That’s the question asked by Michael Wade (albeit rephrased in a more generic form).

And it’s a question that is often brought up. “If it’s such a good idea, why hasn’t it been done?” And something to that effect. And while it has it’s valid points, basing judgement on popularity isn’t always good.

Bad ideas can spread quickly if well marketed, but will probably not last long. Good ideas (if not marketed) might take longer to spread, but they will probably last longer. Either way, how common the idea is, whether it is done (if at all) doesn’t reflect whether the idea is good or bad.

To quote the book “Why Not?” by Barry J. Nalebuff and Ian Ayres, ‘[this] theme is also captured in the old joke about two University of Chicago economists going for a walk. One sees a twenty-dollar bill lying on the ground and starts to bend over and pick it up, but the other stops her, saying “It’s a counterfeit. If it were real, someone would have picked it up already.” Concluding that an idea must be flawed because it hasn’t already been done is rather like presuming any money on the sidewalk must be a fake.”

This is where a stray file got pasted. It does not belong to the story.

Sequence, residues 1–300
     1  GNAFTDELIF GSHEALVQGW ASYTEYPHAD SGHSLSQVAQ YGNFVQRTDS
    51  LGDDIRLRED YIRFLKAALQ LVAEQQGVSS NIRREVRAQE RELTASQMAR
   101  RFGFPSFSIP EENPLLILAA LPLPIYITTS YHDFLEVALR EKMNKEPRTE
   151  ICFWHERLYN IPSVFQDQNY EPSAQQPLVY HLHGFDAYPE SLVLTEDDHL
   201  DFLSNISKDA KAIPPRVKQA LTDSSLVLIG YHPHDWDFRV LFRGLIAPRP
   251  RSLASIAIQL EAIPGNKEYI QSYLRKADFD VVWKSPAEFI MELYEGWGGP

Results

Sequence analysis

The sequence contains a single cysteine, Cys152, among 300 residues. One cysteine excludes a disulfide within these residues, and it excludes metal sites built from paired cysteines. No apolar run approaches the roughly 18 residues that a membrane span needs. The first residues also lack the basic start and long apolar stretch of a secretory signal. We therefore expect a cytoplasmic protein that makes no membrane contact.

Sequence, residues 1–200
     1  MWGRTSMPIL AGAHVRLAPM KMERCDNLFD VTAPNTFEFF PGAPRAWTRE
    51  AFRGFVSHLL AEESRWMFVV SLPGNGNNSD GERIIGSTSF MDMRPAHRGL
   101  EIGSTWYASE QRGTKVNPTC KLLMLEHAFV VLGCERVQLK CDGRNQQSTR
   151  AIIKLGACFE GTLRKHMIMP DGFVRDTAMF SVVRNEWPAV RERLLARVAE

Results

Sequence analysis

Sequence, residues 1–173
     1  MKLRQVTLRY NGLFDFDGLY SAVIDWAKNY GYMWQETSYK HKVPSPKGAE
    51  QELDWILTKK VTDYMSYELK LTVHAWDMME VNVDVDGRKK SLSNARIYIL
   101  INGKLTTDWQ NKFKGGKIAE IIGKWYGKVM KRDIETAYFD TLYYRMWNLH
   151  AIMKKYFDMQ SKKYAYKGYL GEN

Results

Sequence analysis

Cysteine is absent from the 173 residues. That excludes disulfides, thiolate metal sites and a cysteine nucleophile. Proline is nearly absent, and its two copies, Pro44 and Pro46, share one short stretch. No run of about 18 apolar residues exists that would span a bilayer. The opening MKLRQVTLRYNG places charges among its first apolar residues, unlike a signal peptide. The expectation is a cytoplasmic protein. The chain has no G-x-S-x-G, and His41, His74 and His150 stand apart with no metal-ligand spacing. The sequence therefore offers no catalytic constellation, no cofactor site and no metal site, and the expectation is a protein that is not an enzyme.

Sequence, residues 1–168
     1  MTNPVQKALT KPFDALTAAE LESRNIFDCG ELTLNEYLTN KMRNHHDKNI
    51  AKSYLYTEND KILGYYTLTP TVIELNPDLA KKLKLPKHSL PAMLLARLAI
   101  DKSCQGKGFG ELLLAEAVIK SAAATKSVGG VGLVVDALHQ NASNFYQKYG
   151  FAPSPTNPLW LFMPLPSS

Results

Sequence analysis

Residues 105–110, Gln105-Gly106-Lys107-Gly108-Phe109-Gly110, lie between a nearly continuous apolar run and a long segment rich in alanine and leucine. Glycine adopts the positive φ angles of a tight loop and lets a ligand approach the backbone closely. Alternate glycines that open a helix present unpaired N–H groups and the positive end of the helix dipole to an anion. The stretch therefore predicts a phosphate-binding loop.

I think this “if it’s so good, why hasn’t it been done” negativism stems from the ‘status quo’ mentality society has instilled in us. We’ve become so train to accept the status quo that we start to think that anything outside the status quo, outside what we know, has to be a bad idea that will fail. And because of that (in conjunction with the fear of failure), we tend not to try new ideas.

What can we do? Learn to not be afraid of failure. Do what hasn’t been done before. That’s the only way progress can be made. Galileo discovered a fundamental fact of physics by merely dropping two objects from a tower. It might seem obvious, but nobody had thought of it before. Sometimes the obvious ideas haven’t been done. Or sometimes it’s not about the idea, but how the idea is used. Either way, be willing to do something different, something new; that’s how progress is made.